Tyson Yunkaporta, Sand Talk: How Indigenous Thinking Can Save the World

astranemus:

Sometimes it is hard to write in English when you’ve been talking to your great-grandmother on the phone but she is also your niece, and in her language there are no separate words for time and space. In her kinship system every three generations there is a reset in which your grandparents’ parents are classified as your children, an eternal cycle of renewal. In her traditional language she asks you something that translates directly into English as ‘what place’ but actually means ‘what time’, and you reluctantly shift yourself into that paradigm, because you know it will be hard as hell to shift back out of it again when you go back to work. Kinship moves in cycles, the land moves in seasonal cycles, the sky moves in stellar cycles and time is so bound up in those things that it is not even a separate concept from space. We experience time in a very different way from people immersed in flat schedules and story-less surfaces. In our spheres of existence, time does not go in a straight line, and it is as tangible as the ground we stand on.

Tyson Yunkaporta, Sand Talk: How Indigenous Thinking Can Save the World

from Tumblr https://seekingstars.tumblr.com/post/658348284326330369

Rilke

quietlotus:

“Be patient toward all that is unsolved in your heart and try to love the questions themselves, like locked rooms and like books that are now written in a very foreign tongue. Do not now seek the answers, which cannot be given you because you would not be able to live them. And the point is, to live everything. Live the questions now. Perhaps you will then gradually, without noticing it, live along some distant day into the answer.”

— Rainer Maria Rilke

Seamless Monument: A Year of Vigil for the Pandemic Dead—and Beyond – Regina Sandler-Phillips

“In early June 2020 I made my first pilgrimage by subway to the Brooklyn disaster morgue perimeter. I have returned every 10 to 25 days since then, on behalf of all our vigil-keepers across the country.

Standing quietly outside the chain-link fence, walking slowly from one
vantage point to another around the end of the pier, I bear witness to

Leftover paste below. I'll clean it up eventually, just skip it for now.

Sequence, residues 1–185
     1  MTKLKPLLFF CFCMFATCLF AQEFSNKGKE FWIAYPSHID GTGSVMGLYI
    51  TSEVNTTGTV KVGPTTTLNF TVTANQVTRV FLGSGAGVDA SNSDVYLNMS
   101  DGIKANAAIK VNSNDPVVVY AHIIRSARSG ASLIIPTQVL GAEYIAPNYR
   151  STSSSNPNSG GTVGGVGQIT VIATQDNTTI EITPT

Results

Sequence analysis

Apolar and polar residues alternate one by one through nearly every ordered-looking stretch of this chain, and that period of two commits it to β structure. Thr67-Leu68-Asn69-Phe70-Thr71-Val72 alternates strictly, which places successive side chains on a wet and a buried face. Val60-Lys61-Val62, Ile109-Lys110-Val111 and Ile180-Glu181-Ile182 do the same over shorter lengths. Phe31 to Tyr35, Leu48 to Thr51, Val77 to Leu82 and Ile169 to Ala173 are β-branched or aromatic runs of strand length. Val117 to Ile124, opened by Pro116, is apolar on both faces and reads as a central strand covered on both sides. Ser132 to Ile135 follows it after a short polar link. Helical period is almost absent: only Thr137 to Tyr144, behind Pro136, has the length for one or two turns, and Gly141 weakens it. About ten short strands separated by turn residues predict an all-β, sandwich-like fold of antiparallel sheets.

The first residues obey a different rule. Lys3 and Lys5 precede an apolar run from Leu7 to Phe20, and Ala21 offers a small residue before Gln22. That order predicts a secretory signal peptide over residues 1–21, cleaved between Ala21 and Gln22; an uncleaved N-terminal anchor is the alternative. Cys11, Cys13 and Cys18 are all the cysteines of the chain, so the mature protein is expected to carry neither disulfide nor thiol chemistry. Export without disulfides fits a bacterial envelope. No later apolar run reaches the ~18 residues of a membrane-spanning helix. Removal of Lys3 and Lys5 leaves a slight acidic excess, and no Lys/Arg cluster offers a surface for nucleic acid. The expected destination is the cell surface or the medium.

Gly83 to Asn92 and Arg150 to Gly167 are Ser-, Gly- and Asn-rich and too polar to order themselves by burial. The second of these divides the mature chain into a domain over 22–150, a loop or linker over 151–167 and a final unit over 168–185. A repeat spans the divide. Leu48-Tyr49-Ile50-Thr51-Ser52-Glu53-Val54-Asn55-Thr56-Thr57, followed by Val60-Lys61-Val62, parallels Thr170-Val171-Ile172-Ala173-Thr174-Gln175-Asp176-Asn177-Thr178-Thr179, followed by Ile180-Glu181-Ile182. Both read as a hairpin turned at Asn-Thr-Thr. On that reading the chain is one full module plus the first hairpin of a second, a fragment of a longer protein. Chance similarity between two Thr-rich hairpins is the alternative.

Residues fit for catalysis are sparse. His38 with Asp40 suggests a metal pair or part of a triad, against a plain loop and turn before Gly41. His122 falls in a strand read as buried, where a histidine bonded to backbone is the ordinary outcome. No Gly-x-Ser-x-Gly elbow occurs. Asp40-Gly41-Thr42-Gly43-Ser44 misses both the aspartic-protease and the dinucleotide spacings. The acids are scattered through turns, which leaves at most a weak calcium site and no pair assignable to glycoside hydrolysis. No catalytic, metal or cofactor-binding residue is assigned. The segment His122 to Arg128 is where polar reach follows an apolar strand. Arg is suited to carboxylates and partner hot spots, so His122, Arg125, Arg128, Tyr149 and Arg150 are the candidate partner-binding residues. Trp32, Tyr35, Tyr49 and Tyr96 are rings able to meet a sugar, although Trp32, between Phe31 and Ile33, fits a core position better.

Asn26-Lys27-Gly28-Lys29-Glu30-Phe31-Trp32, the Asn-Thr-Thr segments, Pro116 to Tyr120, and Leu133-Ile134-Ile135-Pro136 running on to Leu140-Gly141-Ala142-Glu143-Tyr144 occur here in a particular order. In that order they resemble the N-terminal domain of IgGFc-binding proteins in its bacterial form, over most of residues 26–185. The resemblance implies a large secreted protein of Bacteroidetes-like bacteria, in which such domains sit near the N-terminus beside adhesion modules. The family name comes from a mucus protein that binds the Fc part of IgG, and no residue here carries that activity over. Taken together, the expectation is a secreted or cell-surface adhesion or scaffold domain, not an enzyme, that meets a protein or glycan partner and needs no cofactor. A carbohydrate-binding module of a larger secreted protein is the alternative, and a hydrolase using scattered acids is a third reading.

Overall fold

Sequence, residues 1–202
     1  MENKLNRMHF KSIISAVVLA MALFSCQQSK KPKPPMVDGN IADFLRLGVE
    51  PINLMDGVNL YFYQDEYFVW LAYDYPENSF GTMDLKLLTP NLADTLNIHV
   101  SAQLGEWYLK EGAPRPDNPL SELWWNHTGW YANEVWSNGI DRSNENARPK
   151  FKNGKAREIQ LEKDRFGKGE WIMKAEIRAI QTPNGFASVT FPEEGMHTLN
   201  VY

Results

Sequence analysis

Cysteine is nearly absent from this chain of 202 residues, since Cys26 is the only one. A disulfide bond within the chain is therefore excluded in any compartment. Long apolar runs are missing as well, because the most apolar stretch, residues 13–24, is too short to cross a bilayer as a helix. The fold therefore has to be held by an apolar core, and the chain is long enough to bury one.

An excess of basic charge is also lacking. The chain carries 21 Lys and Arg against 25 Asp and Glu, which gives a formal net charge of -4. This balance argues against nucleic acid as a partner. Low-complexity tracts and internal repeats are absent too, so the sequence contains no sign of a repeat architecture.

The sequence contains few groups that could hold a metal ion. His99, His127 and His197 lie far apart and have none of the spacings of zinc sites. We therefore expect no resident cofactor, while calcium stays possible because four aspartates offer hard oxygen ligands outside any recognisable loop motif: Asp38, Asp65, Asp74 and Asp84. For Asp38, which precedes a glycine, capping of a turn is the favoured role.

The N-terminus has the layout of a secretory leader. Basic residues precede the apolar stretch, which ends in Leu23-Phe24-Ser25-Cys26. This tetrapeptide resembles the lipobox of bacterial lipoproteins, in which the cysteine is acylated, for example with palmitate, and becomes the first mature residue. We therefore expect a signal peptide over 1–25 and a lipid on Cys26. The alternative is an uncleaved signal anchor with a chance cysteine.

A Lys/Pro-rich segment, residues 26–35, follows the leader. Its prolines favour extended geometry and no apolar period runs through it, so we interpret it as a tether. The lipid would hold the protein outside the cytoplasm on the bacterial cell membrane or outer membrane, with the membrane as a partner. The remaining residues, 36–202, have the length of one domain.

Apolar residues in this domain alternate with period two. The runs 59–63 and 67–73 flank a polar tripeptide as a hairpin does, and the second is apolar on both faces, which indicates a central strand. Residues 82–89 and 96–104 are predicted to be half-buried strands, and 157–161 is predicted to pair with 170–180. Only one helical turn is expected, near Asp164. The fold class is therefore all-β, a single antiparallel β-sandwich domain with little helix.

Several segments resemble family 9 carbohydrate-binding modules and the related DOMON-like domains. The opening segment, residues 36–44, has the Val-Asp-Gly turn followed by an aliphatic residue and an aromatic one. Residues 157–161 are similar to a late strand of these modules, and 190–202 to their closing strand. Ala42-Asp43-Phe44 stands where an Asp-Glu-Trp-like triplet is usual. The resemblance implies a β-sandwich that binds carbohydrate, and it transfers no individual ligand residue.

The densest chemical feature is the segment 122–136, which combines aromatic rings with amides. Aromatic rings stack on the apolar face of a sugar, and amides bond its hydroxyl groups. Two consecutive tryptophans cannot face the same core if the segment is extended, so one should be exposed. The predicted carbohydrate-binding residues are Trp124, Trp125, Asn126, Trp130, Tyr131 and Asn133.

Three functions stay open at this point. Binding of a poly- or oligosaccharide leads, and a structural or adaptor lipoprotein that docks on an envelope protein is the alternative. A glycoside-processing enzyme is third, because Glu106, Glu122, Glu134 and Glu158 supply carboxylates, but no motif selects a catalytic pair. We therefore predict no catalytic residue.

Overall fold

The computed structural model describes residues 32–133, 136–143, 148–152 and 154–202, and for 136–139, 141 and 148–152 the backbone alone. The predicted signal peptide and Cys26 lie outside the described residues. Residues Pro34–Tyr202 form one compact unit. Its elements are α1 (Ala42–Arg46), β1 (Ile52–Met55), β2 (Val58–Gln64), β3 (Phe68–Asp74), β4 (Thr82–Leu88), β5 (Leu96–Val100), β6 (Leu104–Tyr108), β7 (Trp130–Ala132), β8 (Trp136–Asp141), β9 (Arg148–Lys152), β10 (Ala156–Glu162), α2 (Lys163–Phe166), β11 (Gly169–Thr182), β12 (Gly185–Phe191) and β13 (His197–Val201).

the morgue trailers surrounded by abandoned warehouses and dilapidated hangars, cracked asphalt and roaring motors…

At one angle I can glimpse the Statue of Liberty out in the harbor beyond, her torch raised over the morgue trucks even during the hours that remain uncovered by our human vigil.”

More at Lion’s Roar

Thich Nhat Hanh

“People usually consider walking on water or in thin air a miracle. But I
think the real miracle is not to walk either on water or in thin air,
but to walk on earth. Every day we are engaged in a miracle which we
don’t even recognize: a blue sky, white clouds, green leaves, the black,
curious eyes of a child — our own two eyes. All is a miracle.”

from “Zen Mind, Beginner’s Mind” – Suzuki Roshi

“For Zen students the most important thing is not to be dualistic. Our ‘original mind’ includes everything within itself. You should not lose your self-sufficient state of mind. This does not mean a closed mind, but actually an empty mind and a ready mind. If your mind is empty, it is always ready for anything; it is open to everything. In the beginner’s mind there are many possibilities; in the expert’s mind there are few. If you discriminate too much, you limit yourself. If you are too demanding or too greedy, your mind is not rich and self-sufficient.…In the beginner’s mind there is no thought, ‘I have attained something.’ All self-centered thoughts limit our vast mind.

When we have no thought of achievement, no thought of self, we are true beginners. Then we can really learn something. The beginner’s mind is the mind of compassion. When our mind is compassionate, it is boundless.
Dogen-zenji, the founder of our school, always emphasized how important it is to resume our original mind. Then we are always true to ourselves, in sympathy with all beings, and can actually practice.”